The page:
In April 1970, the Supreme Court upheld Akasegawa’s guilty verdict and sentence, ensuring his notoriety and the Establishment’s bewilderment in the face of a changing artistic landscape. Some of Akasegawa’s later work was also recently included in “Roppongi Crossing 2013: Out of Doubt” show at the Mori Art Museum. This jarred not only for its temporal incongruity but also its spiritual disparity. In contrast to the contemporary work showcased in the exhibition, Akasegawa’s manga art included direct and mordant references to the political scene from the time, from Sanrizuka to the uchi-geba of the various New Left factions that veered from name-calling to horrific violence.
One of his pictures at the Mori show, an epic chart of the militants in the landscape of the early 1970’s called The Map of Democratic Empire of Great Japan in Year of 2632 of the Imperial Era, recalls George Cruikshank’s The Worship of Bacchus. Next to it was a startling image of an airplane, piloted by a riot police officer and with two passengers, one of whom is a horse. The main slogans in a speech balloon read “Worship at Sanrizuka!” and “Hijacked from Sanrizuka!” It was from Sakura-gahō, Akasegawa’s manga in the early 1970’s and here highlighting a major counterculture festival taking place at Sanrizuka during the height of the airport protests.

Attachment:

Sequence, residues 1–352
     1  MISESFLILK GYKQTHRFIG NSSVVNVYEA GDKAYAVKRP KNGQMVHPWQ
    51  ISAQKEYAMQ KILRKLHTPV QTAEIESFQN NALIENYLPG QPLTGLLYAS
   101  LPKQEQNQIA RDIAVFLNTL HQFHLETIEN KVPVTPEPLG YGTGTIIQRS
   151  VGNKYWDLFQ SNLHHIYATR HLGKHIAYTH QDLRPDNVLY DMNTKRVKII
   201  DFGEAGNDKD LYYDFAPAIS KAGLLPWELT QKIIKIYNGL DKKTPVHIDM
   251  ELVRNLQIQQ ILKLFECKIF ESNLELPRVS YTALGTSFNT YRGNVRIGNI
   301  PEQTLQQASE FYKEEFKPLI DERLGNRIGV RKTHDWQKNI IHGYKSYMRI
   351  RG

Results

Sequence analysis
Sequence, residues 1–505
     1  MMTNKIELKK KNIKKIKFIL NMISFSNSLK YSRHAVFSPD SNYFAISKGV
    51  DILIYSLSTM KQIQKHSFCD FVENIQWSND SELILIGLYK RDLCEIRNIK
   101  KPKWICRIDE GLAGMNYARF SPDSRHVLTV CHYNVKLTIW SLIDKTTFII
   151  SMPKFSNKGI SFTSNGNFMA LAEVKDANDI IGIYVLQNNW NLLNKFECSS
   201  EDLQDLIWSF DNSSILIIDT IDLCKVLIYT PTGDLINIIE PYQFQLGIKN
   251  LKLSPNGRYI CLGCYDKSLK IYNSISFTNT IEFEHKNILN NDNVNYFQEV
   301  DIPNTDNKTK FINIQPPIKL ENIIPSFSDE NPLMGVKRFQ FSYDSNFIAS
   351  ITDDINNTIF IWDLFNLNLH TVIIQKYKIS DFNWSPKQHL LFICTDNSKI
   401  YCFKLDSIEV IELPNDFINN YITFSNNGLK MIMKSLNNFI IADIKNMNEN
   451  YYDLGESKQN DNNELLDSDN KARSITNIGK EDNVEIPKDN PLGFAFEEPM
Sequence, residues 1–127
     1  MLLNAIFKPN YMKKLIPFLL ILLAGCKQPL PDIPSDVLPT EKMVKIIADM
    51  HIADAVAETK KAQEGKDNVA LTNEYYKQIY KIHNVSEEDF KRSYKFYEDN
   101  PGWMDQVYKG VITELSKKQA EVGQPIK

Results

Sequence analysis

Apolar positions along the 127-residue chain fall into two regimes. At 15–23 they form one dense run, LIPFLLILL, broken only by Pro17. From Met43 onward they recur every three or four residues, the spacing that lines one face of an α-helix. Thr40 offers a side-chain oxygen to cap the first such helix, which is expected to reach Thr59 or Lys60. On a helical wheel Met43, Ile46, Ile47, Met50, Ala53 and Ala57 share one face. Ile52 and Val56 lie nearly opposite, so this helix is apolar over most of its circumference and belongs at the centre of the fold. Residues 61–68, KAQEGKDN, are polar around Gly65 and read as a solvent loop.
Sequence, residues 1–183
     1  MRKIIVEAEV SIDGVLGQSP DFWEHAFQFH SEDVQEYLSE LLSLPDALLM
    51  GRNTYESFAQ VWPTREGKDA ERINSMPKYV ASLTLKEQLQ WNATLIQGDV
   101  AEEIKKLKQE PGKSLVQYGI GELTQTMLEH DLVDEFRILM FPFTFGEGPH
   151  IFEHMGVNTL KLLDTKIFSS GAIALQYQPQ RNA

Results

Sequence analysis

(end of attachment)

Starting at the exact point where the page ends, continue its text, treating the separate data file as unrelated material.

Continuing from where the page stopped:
The curators were pointing to a “genealogy of nonsense” that went from the post-war through to the contemporary scene, though what stuck out the most was simply the difference in candour in the largely lackadaisical offerings of the younger artists. In this sense, “Roppongi Crossing” took a typical foreigner’s perspective (two of the curators were non-Japanese), forcing lines between local historical dots. Sometimes this lends surprisingly and perceptive results. This time, I wasn’t convinced. It fundamentally didn’t work because the post-war material was so much more caustic and, being confined to a single room at the start, was bereft of real context. It felt more tagged on than a genuine parallel or perspective laid out over the whole of the exhibition.